Uros Isles

May 24 2014

U

ros refers to a group of about 40 floating islets located in Lake Titicaca off Puno, Peru as well as to the pre-Inca people who fashioned them. The Uros originally created these artificial islands to escape the Inca, who dominated the mainland at the time; today they are best known as a major tourist destination. Around 3,000 descendants of the Uro are alive today, although only a few hundred still live on and maintain the islands; most have moved to the mainland, where their children go to school. The Uro also bury their dead on the mainland. The Uro traded with the Aymara tribe on the mainland, interbreeding with them and eventually abandoning the Uro language for that of the Aymara. The islets are made of totora reeds, which grow in the lake. The dense roots that the plants develop support the islands. They are anchored with ropes attached to sticks driven into the bottom of the lake. The reeds at the bottoms of the islands rot away fairly quickly, so new reeds are added to the top to compensate. The islands last about 30 years. The larger islands house about 10 families, while smaller ones, only about 30 meters wide, house only two or three. Local residents fish, and hunt birds and graze their cattle on the islets. They also run crafts stalls aimed at the numerous tourists who land on ten of the islands each year. Food is cooked with fires placed on piles of stones. To relieve themselves, tiny ‘outhouse’ islands are near the main islands. The waste is dried in the sun to avoid polluting the water.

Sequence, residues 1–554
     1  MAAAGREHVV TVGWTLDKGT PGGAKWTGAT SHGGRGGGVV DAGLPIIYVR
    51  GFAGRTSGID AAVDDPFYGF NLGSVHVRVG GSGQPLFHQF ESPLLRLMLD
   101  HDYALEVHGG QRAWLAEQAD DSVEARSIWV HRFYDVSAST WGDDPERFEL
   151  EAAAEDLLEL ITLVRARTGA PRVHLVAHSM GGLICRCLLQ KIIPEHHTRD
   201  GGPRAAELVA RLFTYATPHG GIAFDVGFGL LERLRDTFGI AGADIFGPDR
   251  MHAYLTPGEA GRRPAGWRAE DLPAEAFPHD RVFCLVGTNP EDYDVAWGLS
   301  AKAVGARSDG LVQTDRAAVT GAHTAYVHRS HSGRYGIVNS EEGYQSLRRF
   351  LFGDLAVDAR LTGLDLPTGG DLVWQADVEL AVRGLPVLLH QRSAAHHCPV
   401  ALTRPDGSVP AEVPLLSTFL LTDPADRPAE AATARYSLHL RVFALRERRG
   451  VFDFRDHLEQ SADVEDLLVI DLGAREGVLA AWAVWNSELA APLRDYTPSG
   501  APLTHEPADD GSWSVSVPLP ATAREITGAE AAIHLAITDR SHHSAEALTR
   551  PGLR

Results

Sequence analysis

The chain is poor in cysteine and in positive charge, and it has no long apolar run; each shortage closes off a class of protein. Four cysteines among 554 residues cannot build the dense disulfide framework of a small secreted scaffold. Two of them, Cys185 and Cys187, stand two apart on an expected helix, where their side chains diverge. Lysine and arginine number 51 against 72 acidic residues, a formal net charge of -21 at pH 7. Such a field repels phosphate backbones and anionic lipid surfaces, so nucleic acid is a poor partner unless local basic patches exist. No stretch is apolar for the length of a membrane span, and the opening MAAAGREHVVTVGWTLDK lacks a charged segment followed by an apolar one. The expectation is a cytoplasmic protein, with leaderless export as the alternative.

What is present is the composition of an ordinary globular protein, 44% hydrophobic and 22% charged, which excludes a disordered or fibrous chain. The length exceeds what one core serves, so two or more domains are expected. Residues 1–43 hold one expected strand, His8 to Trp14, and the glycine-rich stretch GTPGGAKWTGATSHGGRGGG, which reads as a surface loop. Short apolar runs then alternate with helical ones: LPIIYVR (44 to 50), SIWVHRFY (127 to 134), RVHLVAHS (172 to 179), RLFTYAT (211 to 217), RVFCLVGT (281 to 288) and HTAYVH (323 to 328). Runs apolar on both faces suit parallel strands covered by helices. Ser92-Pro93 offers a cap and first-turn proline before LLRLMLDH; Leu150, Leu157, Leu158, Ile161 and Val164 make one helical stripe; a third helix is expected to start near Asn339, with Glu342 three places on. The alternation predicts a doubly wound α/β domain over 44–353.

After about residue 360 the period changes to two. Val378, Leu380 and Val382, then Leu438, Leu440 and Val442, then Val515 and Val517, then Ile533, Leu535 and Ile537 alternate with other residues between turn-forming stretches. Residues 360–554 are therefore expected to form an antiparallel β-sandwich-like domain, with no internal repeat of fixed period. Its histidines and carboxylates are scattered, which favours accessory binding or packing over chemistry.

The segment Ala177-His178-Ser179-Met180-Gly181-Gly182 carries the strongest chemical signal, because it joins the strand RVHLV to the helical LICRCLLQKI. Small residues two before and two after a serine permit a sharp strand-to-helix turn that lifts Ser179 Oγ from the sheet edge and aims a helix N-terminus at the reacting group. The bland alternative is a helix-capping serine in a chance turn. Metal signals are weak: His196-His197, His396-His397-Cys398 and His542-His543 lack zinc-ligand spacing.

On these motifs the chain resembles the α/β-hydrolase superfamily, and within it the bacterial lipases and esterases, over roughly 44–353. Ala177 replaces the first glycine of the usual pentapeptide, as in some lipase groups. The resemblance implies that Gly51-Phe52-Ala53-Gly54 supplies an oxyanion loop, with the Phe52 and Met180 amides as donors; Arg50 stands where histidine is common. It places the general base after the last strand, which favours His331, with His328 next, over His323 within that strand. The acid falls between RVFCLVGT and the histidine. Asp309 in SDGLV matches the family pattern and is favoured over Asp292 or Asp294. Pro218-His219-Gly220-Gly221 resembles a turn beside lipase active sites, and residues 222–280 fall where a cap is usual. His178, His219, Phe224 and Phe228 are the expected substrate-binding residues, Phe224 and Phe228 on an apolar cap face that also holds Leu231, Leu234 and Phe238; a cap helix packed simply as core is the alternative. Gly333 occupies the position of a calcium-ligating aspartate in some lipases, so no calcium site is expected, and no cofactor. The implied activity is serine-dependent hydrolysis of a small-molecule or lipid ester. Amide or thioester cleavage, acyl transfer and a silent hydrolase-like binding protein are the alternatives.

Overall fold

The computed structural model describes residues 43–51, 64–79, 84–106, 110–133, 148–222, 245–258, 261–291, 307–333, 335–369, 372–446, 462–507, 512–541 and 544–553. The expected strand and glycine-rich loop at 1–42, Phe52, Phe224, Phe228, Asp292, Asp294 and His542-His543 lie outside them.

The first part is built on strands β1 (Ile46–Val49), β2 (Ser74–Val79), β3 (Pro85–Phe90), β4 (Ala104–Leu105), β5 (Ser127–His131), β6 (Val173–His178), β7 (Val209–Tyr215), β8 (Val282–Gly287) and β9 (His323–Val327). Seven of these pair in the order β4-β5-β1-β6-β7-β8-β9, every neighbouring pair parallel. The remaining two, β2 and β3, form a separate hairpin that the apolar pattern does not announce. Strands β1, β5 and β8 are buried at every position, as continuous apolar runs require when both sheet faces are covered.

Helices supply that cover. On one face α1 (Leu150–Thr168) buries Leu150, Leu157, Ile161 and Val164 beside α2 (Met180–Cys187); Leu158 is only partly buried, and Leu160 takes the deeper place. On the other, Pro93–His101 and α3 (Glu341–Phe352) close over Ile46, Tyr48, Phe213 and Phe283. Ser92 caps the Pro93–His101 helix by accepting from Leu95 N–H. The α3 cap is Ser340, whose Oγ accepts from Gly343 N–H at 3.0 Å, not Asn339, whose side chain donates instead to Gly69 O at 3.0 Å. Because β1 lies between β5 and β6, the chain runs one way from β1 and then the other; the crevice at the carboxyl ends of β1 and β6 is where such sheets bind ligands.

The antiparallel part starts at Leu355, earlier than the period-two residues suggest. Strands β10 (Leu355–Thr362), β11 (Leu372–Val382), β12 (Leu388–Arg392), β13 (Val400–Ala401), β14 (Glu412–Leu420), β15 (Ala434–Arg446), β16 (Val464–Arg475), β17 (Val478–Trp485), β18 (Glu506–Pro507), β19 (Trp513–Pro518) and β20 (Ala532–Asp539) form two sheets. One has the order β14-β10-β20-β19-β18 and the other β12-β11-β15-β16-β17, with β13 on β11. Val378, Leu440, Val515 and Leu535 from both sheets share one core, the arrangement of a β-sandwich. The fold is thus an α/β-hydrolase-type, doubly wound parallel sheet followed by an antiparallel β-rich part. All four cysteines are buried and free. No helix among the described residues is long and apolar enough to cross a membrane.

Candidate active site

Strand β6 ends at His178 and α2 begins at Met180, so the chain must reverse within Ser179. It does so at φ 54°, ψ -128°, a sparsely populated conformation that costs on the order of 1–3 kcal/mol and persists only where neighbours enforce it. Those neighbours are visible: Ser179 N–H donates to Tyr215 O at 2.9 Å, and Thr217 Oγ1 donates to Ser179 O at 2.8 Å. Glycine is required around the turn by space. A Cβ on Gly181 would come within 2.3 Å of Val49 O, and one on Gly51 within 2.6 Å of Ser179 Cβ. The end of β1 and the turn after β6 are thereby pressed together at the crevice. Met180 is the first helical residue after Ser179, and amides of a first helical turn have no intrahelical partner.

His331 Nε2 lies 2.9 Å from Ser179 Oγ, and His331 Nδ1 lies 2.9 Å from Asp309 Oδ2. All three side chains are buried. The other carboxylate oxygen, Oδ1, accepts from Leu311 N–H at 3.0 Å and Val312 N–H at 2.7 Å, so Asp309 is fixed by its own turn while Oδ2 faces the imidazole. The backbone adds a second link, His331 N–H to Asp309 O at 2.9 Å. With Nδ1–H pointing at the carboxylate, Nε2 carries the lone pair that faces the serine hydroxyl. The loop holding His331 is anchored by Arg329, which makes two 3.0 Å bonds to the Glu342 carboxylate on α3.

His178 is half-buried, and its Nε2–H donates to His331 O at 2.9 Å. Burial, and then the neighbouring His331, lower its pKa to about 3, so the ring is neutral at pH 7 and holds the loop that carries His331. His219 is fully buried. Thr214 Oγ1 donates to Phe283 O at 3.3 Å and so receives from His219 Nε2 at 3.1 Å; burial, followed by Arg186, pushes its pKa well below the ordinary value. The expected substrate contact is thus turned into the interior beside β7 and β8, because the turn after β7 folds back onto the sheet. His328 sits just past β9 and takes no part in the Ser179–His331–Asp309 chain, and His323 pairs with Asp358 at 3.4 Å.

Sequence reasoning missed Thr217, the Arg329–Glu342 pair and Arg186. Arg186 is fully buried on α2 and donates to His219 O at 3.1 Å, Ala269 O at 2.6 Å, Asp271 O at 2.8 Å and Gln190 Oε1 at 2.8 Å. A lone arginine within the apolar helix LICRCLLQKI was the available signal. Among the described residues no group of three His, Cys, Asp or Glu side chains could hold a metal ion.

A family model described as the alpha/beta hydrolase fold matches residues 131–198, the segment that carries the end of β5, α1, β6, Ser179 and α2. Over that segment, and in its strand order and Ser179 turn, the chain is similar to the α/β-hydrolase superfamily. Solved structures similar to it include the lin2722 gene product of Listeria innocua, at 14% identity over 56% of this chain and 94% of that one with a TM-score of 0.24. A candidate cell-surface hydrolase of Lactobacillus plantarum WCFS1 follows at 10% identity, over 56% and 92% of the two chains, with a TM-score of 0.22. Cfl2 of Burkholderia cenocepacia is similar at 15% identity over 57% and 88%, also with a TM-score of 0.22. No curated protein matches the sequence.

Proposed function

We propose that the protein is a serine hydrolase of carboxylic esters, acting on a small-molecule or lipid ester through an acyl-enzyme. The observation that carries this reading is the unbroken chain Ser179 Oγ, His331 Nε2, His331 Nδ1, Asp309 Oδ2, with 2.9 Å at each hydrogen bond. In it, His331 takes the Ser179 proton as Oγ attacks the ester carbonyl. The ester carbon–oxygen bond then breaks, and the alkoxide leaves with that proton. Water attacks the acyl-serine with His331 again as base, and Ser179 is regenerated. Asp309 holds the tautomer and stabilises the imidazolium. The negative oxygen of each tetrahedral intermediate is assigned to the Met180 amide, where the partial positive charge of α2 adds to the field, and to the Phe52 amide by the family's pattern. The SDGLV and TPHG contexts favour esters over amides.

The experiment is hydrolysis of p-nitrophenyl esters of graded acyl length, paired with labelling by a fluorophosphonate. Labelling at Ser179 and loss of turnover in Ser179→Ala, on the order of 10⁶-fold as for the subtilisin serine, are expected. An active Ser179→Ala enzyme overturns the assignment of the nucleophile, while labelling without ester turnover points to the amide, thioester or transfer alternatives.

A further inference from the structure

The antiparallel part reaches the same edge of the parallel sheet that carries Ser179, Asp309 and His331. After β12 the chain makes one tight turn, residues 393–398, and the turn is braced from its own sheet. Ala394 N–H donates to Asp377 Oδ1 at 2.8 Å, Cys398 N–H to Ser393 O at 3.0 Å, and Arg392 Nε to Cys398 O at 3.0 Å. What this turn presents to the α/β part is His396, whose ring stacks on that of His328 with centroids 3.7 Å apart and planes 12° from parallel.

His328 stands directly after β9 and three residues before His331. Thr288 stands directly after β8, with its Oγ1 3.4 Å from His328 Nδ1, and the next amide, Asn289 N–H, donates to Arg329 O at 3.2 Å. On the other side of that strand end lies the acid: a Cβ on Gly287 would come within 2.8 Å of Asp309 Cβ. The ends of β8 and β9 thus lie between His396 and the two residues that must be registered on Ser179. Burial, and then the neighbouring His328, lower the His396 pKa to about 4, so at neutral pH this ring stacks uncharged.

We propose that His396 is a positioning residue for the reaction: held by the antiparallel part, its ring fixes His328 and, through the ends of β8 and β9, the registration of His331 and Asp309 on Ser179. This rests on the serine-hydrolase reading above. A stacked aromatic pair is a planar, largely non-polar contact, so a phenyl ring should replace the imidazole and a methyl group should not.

© Mazalien 1999 - 2014

Uros Isle gallery

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